7. What lingering questions and comments do you have after reading the book?

Here is what one reviewer wrote: The Travels Of Increase Joseph by Jerry Apps is a superbly crafted historical novel of a pioneer preacher who came to the wildlands of Wisconsin in 1852 with his small gathering of followers, the Standalone Fellowship. Supporting the Fellowship by selling his special curative tonic, and delivering oratory and with powerful messages that are nothing short of spellbinding, Joseph Link dared to speak out as he journeyed and his words and ideas made an impression that stayed. The Travels Of Increase Joseph is a most thoughtful and wonderfully entertaining read. Jerry Apps writes with vibrant character and has a penchant for making Wisconsin history come alive. Midwest Book Review.

Buy the book from your local bookstores, online, or from the Patterson Memorial Library in Wild Rose, WI (Book sales are a fundraiser for the Library Friends). The Patterson phone is 920-622-3835. Email = barnard@wildroselibrary.org.

28 comments

  1. Before we get started discussing the book after Feb 1, anyone have any questions about why I wrote the book, where I got the idea for it and why I named the main character, Increase Joseph Link?

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  2. Thought you might like to know that there was a real Standalone Religion. It began in Wayne County New York, and came with the early settlers to central Wisconsin, where a Standalone church was built just south of the village of Wild Rose. The church building is gone, but the cemetery remains.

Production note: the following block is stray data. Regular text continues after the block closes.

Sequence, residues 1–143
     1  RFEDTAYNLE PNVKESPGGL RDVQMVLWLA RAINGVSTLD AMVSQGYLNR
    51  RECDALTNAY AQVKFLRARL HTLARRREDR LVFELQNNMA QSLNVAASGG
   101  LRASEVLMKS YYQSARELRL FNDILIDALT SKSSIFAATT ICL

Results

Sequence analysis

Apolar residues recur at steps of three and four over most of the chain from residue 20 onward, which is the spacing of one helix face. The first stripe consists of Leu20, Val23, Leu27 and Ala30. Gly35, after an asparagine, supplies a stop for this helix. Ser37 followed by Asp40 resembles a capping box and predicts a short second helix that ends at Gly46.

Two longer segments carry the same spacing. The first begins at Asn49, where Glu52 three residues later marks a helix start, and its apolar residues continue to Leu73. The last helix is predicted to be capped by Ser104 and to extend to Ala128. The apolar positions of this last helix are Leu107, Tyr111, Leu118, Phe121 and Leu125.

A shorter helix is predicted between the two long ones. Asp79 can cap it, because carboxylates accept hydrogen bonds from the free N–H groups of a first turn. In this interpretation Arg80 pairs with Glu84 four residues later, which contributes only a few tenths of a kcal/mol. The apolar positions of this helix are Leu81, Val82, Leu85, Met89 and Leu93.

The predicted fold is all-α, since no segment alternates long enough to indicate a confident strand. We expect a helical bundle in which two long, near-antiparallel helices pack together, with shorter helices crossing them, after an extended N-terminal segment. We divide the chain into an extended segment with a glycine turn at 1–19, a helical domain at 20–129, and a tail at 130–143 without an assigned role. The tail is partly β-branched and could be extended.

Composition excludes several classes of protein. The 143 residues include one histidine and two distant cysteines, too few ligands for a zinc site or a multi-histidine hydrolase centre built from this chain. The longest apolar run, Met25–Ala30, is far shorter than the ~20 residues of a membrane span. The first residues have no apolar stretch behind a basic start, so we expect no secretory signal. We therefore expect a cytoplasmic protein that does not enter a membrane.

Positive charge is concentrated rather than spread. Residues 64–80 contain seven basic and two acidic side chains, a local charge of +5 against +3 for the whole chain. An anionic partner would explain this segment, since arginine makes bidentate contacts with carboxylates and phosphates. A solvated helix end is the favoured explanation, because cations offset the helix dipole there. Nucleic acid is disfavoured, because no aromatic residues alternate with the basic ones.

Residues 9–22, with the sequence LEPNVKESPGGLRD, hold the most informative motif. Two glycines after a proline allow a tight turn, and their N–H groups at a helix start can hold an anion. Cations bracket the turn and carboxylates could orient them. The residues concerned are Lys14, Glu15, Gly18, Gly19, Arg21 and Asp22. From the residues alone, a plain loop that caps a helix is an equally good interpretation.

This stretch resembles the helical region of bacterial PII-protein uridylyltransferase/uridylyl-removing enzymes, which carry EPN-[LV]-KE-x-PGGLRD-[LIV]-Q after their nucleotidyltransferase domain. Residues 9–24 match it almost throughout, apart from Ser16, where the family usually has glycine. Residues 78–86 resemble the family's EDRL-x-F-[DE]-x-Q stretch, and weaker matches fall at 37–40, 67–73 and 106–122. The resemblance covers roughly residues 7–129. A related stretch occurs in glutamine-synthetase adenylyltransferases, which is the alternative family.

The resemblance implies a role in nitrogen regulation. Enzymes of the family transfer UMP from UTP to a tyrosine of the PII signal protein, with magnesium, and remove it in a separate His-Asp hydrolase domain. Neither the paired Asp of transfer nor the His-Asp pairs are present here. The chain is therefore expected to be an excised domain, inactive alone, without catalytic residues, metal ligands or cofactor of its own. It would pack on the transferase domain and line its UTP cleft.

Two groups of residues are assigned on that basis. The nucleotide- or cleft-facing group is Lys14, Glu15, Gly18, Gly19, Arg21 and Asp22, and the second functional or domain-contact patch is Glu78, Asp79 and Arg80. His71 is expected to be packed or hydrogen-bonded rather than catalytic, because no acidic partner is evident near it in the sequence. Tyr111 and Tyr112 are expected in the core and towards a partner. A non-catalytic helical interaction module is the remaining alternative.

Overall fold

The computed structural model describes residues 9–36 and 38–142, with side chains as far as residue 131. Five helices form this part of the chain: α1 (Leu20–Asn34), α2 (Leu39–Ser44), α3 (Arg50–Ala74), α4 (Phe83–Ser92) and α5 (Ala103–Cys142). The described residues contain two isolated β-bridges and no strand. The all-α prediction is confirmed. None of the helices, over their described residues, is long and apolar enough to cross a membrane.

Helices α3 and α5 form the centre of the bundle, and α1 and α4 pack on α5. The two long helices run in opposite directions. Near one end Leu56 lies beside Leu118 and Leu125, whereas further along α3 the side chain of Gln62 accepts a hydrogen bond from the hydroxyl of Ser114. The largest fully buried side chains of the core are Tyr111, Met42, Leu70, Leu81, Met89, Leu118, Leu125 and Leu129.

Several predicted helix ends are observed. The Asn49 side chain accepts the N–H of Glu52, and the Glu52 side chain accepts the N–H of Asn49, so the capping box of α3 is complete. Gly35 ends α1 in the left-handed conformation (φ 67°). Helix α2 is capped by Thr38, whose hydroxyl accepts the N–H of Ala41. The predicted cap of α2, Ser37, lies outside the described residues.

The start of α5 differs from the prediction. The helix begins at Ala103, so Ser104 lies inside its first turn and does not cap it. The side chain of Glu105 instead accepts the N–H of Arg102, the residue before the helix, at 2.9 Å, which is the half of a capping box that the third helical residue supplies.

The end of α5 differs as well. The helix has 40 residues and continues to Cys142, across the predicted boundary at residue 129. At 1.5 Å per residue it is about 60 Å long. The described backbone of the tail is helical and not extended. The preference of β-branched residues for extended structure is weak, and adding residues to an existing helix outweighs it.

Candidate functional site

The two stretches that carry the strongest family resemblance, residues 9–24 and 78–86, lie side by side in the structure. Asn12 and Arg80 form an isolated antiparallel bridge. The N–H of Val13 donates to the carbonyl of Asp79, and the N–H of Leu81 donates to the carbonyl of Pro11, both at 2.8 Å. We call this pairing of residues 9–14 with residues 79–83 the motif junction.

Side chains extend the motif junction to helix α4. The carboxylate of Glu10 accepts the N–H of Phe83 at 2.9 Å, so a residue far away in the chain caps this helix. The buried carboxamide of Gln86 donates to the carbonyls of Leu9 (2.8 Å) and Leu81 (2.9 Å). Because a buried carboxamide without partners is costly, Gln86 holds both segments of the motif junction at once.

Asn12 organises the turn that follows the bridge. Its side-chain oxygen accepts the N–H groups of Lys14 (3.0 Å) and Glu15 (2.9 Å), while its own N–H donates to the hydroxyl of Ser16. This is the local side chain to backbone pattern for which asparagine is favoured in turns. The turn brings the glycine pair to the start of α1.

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      • Increase Joseph Link is named after two important Wisconsin people, Increase Lapham,(scientist and writer) and Jerome Increase Case (inventor and industrialist). I have no idea where I got Joseph and Link. From the time when I was a kid, I was fascinated by two kinds of men who traveled in rural areas–the medicine show men and the itinerant preachers. Increase Joseph Link is a combination of the two. His theology comes from the writings of Emerson and Thoreau, and transcendentalism.

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  3. When I started to read the book I thought Jerry would answer the question about why he wrote book to be his love of the land and his love of rural Wisconsin. I have only just started the book but already can feel Jerry’s deep interest in the land of central Wisconsin and the preservation of that land.